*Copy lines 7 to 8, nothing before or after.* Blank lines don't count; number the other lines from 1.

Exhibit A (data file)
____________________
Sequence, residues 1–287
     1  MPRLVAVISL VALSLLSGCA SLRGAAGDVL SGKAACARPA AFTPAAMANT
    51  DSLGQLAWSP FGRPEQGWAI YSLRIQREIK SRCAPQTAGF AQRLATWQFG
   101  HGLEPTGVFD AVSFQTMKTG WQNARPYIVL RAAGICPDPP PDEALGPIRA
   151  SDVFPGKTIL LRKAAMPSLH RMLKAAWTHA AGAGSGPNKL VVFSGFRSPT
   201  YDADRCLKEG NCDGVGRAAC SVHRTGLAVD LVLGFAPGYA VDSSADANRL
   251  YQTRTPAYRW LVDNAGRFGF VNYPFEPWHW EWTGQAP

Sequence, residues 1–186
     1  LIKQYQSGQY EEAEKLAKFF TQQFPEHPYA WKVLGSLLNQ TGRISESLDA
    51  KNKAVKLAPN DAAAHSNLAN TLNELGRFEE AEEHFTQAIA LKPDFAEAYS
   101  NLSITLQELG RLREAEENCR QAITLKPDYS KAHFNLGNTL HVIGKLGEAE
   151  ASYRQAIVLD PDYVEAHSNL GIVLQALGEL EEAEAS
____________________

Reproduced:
   251  YQTRTPAYRW LVDNAGRFGF VNYPFEPWHW EWTGQAP

Sequence, residues 1–186